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Sholom & Mohamed: Brothers In Spite Of Israeli-Palestinian Conflict

Sholom and Moe take a selfie together with their respective flags.
Sholom and Moe take a selfie together with their respective flags.
Sholom and Moe take a selfie together with their respective flags.
Credit Sholom Neistein
Sholom and Moe take a selfie together with their respective flags.

MohamedGhumrawiandSholomNeisteinhave been friends for six years.

Sholom is Jewish. Mohamed is Muslim and of Palestinian descent. 

"I think it’s interesting how people perceive our friendship," says Mohamed, or Moe for short. "People see us and the first thing that comes to mind is, 'APalestinianand an Israeli together? What? I must be in the "Twilight Zone".' ”

But Sholom and Moe's friendship is about as normal as any other. They play basketball together. They're both fans of the Miami Heat.They both like Jordanshoes. In 2009, Moe helped Sholom win a student government presidency at Florida International University, their alma mater.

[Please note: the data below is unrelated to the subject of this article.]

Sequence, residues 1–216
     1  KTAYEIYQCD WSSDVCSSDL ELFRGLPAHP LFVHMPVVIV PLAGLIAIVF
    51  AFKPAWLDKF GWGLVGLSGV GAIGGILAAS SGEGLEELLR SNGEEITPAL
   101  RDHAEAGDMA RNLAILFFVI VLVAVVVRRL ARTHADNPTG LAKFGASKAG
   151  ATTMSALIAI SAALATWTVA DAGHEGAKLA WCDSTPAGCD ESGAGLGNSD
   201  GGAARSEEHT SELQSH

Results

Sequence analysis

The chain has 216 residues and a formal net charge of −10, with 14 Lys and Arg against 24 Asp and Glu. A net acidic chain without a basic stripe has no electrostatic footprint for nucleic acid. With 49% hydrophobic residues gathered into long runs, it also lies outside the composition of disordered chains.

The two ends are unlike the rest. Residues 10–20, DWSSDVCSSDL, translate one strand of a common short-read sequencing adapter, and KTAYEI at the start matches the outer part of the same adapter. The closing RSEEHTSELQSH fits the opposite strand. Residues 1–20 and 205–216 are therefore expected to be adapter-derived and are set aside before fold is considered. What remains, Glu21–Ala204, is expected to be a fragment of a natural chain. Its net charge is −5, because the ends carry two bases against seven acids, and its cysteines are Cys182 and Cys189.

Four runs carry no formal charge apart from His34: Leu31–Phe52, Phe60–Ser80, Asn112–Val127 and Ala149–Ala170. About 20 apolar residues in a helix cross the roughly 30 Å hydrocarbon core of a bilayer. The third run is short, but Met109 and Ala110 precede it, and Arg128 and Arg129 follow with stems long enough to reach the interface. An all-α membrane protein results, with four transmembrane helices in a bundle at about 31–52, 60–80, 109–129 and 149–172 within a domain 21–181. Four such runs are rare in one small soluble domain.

Still, with the current conflict between Israel and Gaza, their friendship is seen as dangerous to some peers. And Moe and Sholom do clash on certain aspects of the conflict. But despite rifts and disagreements, the pair have maintained their friendship, and have found that their commonalities outweigh their differences. 

Listen to them explain how their friendship grew, and why they refer to each other as brothers:

Sholom and Moe also engage in intense political discussions about Israel and Palestine through phone conversations and social media.

Their conversations are not always well received by their Facebook friends. 

"I've had friends demeanSholom, call him names, andSholomhas had friends demean me, call me a terrorist, say I’m a moron, unintelligent," Moe says. "We see a lot of this hostility toward us, but we don’t let it get to us."

Moe is very pro-Palestine andSholomis very pro-Israel, but they believe finding common ground is what will ultimately resolve the conflict.

"We refer to each other as brothers because we want to be brothers in peace," says Sholom. "We want unity. We don’t want any disputes, we don’t want people tearing each other apart. We’re all of the human race. We all want what we want, which is peace."

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